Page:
Forms of Business Organization
Forms of Business Organization
The study of business organization is a study of complexity: as each business is different, each form of business organization is also unique. From a local hot-dog vendor to a trucking company, from a restaurant to a multinational, each business has different legal, moral and ethical concerns, and there is no “one-size-fits-all” approach to determine how a business should best be organized. Take the first two businesses, the hot-dog vendor and the trucking company, as an example: assume that each business is operated by a single individual.
While one may argue that the proper form of organization for each would be a sole proprietorship, that would not be the case: the hot-dog vendor could clearly be operated as a sole proprietorship, but not the trucking company. Because of the nature of the trucking business, limiting the liability of the principals is vital: thus, the best form of organization for the trucking company would most likely be an LLC (limited liability company). There are six main forms of business organization, and each has very distinct advantages and disadvantages: some work best for small enterprises, some are better when outside vendors are involved, some are more suitable for larger companies… indeed, there are many variables to consider when determining the organization of a business.
The most common form of business organization is called a sole proprietorship. The most common way to organize a business, Entrepreneur.com describes it thusly: The sole proprietorship is a popular business form due to its simplicity, ease of setup, and nominal cost. It is the easiest form of business to setup: again, according to Entrepreneur, a sole proprietor need only register his or her name and secure local licenses, and the sole proprietor is ready for business. As the business is not incorporated, all assets and liabilities relating to this form of business are under the control of the individual who started the business; thus, the business owner assumes full liability in the event of a legal judgment. In addition, as there is no legal protection for the business (it being indistinct from the owner), it is entirely possible for a sole proprietor to see their business liquidated as the result of a lawsuit.
The owner has complete control of this form of business: no control has to be granted to anyone else. An advantage to this is that they retain all profits: nothing has to be shared with anyone else, and their return on investment is 100%. Income taxes are easy to calculate: a sole proprietor need only declare their business income on their individual tax form. Because of this, there is no real additional workload or burden to the owner unless they choose to do business under a name other than their own, in which case they would be required to register their business name with the particular jurisdiction they reside in.
The location of the business only matters if an individual wants to avoid a particular jurisdiction’s individual income taxes (corporate taxes are not filed for this form of business): for instance, some states do not charge income tax. No separate legal entities have to be formed if the business changes location: the business is connected to the individual and the business exists as long as the individual chooses to operate it. This form of business has a limited longevity: according to Entrepreneur, sole proprietorships rarely survive the death or incapacity of their owners and so do not retain value. They generally dissolve upon the death of the principal and so cannot be passed on to heirs or others.
According to the Small Business Administration, a general partnership is a business owned by two or more people, with the business partners equally sharing the responsibilities of the business. Like a sole proprietorship, the individual owners of the business assume unlimited liability: it is possible for the business owners to be liquidated due to a legal judgment or the failure of the business. Additionally, because the actions of one of the partners are binding on all the others, the entire partnership can prosper or suffer due to the actions of a single member (The Free Dictionary). Also like a sole proprietorship, a general partnership is, as Quick MBA puts it, a “?…tax reporting entity, not a tax paying entity.”? In other words, the partnership is only a method of business organization; it is not a legal entity for tax purposes, and the individual business owners assume tax liability separately.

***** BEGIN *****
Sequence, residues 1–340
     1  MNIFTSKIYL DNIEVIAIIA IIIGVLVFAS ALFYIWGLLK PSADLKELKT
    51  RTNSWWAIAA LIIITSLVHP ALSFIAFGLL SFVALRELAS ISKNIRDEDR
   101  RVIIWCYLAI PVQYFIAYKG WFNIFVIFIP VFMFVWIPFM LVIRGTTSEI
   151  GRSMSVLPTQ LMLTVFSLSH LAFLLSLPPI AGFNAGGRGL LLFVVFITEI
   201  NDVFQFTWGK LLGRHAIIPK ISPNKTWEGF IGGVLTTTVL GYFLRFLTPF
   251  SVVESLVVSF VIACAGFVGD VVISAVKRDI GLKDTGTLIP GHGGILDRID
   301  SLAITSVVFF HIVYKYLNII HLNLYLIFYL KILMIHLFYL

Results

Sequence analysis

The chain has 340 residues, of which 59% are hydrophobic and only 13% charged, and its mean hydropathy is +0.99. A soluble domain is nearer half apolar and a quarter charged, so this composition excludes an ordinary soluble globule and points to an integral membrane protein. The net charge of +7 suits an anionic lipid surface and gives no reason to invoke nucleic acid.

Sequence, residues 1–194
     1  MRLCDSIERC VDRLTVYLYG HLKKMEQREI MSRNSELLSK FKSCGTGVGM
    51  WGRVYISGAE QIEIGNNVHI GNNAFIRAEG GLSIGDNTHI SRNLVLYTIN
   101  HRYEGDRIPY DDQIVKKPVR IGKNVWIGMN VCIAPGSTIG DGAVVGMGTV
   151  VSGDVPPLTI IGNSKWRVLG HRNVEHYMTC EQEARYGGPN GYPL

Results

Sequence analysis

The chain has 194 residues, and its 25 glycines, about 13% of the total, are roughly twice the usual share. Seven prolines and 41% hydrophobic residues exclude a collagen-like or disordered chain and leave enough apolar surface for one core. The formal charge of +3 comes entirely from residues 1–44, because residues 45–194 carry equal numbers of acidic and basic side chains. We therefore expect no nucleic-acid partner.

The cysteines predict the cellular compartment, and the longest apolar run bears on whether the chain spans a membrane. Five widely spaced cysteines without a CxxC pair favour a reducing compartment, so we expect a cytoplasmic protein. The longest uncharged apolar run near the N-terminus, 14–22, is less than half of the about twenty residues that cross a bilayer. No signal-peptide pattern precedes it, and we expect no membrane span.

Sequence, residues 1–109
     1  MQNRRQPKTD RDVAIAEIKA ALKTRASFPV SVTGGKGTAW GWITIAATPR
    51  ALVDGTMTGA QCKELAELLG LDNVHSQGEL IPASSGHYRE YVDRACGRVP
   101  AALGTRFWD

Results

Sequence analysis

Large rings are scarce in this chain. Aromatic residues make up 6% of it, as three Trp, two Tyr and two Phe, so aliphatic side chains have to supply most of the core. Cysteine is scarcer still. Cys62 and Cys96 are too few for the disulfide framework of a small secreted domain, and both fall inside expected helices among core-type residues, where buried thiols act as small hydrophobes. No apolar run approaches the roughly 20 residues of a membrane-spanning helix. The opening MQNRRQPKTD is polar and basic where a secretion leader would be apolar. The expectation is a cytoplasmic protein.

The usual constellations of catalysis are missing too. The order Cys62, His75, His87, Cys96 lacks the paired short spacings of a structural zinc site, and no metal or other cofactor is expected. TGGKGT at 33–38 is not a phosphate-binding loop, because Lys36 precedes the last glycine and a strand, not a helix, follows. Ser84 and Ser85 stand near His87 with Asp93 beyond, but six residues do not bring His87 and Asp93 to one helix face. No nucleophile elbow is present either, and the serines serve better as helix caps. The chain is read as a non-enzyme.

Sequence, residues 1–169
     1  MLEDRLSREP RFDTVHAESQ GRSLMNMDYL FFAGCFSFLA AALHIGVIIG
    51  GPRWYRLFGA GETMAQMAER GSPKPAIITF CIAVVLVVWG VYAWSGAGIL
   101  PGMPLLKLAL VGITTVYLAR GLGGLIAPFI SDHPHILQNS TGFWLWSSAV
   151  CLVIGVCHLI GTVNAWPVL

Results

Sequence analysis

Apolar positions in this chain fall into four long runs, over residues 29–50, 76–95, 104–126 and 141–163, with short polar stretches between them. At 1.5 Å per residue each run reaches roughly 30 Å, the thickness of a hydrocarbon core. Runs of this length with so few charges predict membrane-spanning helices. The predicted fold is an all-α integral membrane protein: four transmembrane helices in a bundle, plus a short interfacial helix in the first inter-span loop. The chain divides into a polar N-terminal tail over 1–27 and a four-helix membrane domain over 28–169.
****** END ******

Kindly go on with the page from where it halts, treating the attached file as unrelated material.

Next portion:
The longevity of a partnership is potentially greater than a sole proprietorship: for example, since there are one or more other partners, the death of one member does not mean the end of the business since their share can be passed along to heirs. Control in a general partnership is shared equally: since there is no one owner, all decisions (and their effects) are shared equally. Profits are divided among the partners: while the liabilities are shared, the profits can sometimes be divided unequally upon agreement.
This can affect return on investment: since it is possible to invest in a partnership without being an active member, it is possible to lose money on an investment if the active principals make decisions that affect the business negatively. As with a sole proprietorship, location is not a real concern with a general partnership: since the principals, not the business, are the ones responsible for the tax liability, the decision on where to locate has little to do with corporate tax liability. Like a sole proprietorship, the only real regulatory burden is if the general partnership chooses to do business under a name under their own: the name would have to be registered.
A limited partnership is similar to a general partnership. Quick MBA describes a limited partnership as a partnership with two or more partners, with one or more general and limited partners. The biggest difference is that a limited partner does not assume unlimited liability: their liability is limited to the amount of their investment. Also, since general partners are held wholly liable, they are often LLC’s (limited liability corporations) rather than individuals. Like a general partnership, income and income taxes are generally divided among the principals, but a limited partnership has to meet certain criteria to enjoy this right: otherwise it is taxed as a corporation.